[Date Prev][Date Next]   [Thread Prev][Thread Next]   [Thread Index] [Date Index] [Author Index]

Re: ATI video comes out of the closet



On Sat, Sep 08, 2007 at 10:52:15AM -0500, Les Mikesell wrote:
> The problem is that the only way to get current applications which are 
> evolving rapidly and have the cool stuff you want is to get them bundled 
> with a wildly experimental kernel and device drivers that will regularly 
> die underneath them.

Ah...well, as has been noted, you can selectively accept or reject updates.

And remember--*everything* can be built from source.  If there's a particular
package you want to have the latest'n'greatest, and they're not moving it
fast enough to suit in the test and repository cycle, you _can_ just build
that one for yourself.

> I don't see the point of changing the kernel or drivers in a machine
> _ever_ once they work correctly except perhaps for security updates
> or when adding new hardware.  The semantics of what the kernel is
> supposed to be doing was established pretty well 30 years or so ago.

Hm.  The original concept of the kernel in Unix was to strip off
everything that wasn't critical to the OS and put it in user space.
(How do you know what that is?  Kinda like the way the Michelangelo knew
how to carve a horse; look at it, and remove everything that doesn't look
like a horse.)  Critical services; resource contention; scheduling; etc.

Now, some things--actually, many things--have crept back into the kernel.
(I wasn't thrilled with Ritchie Streams, and argued against them when
first proposed.  He actually called me--I was on contract at the Labs
at the time--on my internal extension to tell me he agreed with some of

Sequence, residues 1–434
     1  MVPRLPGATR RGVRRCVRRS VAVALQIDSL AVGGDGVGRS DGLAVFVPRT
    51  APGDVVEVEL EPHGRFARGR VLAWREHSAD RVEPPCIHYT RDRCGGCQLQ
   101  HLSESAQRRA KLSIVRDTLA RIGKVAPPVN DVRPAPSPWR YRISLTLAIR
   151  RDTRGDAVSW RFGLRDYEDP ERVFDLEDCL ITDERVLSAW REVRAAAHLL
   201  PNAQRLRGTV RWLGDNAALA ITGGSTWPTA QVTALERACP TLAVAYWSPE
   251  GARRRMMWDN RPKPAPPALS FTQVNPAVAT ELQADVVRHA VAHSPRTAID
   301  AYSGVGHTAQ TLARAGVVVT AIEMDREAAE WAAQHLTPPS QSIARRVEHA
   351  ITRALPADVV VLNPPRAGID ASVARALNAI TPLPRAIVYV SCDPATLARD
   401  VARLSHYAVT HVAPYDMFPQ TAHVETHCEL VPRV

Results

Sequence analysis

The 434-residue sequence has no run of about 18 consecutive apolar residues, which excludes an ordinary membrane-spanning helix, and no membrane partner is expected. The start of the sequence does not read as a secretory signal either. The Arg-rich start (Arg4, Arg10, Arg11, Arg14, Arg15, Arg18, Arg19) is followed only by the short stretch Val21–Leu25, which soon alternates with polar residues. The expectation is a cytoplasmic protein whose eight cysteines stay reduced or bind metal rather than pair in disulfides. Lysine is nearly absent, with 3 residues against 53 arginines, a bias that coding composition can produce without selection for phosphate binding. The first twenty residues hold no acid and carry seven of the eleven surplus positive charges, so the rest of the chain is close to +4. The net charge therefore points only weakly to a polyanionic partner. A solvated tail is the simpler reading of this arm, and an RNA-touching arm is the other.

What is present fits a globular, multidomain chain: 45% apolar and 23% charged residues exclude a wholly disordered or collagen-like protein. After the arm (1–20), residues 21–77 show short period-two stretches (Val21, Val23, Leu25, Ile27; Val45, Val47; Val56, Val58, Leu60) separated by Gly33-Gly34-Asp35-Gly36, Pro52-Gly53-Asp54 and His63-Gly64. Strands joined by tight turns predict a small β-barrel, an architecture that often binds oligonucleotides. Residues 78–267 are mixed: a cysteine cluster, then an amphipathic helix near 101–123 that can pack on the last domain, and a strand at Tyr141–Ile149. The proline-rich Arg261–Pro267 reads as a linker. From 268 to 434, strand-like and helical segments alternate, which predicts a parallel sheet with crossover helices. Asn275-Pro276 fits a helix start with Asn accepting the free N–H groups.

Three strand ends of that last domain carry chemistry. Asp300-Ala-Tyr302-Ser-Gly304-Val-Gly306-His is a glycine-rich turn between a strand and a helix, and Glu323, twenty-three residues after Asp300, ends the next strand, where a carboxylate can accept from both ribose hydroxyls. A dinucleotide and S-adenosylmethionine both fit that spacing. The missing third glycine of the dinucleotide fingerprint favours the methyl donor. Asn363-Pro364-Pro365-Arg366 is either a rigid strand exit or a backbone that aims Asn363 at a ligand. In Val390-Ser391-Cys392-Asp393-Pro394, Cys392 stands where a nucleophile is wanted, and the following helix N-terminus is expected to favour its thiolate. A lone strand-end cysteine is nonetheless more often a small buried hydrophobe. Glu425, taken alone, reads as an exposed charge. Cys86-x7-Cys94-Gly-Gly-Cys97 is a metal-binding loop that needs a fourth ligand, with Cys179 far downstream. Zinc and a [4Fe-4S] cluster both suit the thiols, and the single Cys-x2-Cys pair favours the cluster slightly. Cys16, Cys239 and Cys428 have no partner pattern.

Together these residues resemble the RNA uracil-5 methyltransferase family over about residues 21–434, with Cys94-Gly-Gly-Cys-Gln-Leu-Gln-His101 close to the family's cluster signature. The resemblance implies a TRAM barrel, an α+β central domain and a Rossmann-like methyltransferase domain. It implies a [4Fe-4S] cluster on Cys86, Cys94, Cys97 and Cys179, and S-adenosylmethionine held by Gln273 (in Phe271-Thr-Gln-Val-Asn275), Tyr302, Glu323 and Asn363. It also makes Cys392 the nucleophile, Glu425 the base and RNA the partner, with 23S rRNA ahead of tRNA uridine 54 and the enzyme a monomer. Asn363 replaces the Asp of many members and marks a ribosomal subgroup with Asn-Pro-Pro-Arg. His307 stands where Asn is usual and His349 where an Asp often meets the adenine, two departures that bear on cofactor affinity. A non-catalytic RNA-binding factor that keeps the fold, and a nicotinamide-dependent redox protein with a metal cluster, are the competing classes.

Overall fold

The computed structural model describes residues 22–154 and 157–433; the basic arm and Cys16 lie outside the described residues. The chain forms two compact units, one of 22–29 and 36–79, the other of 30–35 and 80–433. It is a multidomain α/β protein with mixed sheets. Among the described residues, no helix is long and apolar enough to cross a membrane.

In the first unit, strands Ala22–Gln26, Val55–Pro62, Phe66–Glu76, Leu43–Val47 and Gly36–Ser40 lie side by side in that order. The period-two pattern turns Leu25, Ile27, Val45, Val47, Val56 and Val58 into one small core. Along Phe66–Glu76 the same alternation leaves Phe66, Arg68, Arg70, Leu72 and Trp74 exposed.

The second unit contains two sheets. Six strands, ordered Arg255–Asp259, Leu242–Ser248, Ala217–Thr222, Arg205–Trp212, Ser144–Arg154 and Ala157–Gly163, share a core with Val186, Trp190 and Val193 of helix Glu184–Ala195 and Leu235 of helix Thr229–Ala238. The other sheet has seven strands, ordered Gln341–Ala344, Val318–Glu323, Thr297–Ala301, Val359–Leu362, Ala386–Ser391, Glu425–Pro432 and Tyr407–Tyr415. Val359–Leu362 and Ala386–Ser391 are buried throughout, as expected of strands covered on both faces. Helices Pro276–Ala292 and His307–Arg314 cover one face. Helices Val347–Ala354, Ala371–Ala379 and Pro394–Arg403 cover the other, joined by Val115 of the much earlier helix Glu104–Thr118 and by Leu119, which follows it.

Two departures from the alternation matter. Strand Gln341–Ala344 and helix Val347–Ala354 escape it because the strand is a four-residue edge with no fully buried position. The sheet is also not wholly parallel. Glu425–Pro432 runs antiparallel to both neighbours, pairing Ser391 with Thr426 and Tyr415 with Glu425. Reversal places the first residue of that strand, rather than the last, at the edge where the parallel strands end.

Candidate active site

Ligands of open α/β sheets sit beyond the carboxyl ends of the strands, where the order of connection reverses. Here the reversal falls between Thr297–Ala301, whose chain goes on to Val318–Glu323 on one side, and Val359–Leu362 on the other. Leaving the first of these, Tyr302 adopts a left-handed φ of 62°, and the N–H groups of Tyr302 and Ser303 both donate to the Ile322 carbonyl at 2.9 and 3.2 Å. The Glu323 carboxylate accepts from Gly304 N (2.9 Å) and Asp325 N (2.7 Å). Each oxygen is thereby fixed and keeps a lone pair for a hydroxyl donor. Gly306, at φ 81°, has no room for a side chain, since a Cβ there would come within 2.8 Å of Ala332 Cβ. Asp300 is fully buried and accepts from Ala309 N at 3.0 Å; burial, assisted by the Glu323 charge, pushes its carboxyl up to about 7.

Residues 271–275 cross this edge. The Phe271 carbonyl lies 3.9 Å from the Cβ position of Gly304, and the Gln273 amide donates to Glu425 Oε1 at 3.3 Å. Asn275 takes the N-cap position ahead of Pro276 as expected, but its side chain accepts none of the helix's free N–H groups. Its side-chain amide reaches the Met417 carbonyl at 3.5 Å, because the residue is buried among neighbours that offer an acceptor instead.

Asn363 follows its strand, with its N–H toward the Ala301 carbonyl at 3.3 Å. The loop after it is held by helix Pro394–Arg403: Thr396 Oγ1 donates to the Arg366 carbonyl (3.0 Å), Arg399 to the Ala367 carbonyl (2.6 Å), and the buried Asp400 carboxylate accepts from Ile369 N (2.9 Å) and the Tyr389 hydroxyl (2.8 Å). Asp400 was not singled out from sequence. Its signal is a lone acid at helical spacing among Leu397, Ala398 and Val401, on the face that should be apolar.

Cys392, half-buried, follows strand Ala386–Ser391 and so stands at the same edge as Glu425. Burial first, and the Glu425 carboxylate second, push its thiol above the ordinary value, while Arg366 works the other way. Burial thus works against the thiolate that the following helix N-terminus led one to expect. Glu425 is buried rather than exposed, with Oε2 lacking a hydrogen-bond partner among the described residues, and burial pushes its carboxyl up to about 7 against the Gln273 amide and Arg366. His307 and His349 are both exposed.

my arguments, and to discuss the matter.  Those were heady days.)

I don't know that everything they want to try belongs in the kernel;
but I'm something of a purist.  I do know that, if they're going to
experiment with a distribution, that's what Fedora is supposed to be.

Because of that, I won't run Fedora as a server; I don't want to have
to monitor my server closely to make sure wonky updates don't bring it
down, and I don't want to be forced to upgrade to the next--possibly
very wonky-- release as they push the older version of Fedora out.

OTOH, it's on my dual-boot laptop, and I enjoy poking at the new stuff.

> I realize that fedora isn't the distribution I wish it were, but I think 
> everyone would be better off it there were a way to have Red Hat style 
> administration, a stable kernel and device drivers, and up to date apps 
> all in one distribution.

Frankly, this was the argument that was held back when RedHat stopped
their normal distribution and went to Fedora.  They deliberately pushed
it right to the bleedin' edge, while pulling back and offering "stable"
business releases.  Unfortunately, their business offerings are too
expensive for the very small business or hobbyist.  Where simple pricing
was a differentiator before, the current supported price is so close
to that of Windows that you have to find some other differentiator,
such as FOSS applications that meet the client's needs.

I think there's probably a niched for something between Fedora and RHE
Server or Workstation.  But RedHat already *had* something that fit
there and clearly decided it didn't fit their business model.  Ok, so
that means if I need something cheaper than RHE, and more stable than
Fedora, I go to CentOS, or SuSE, or Ubuntu, or--well, pick your distro.

Cheers,
--
	Dave Ihnat
	President, DMINET Consulting, Inc.
	dihnat dminet com


[Date Prev][Date Next]   [Thread Prev][Thread Next]   [Thread Index] [Date Index] [Author Index]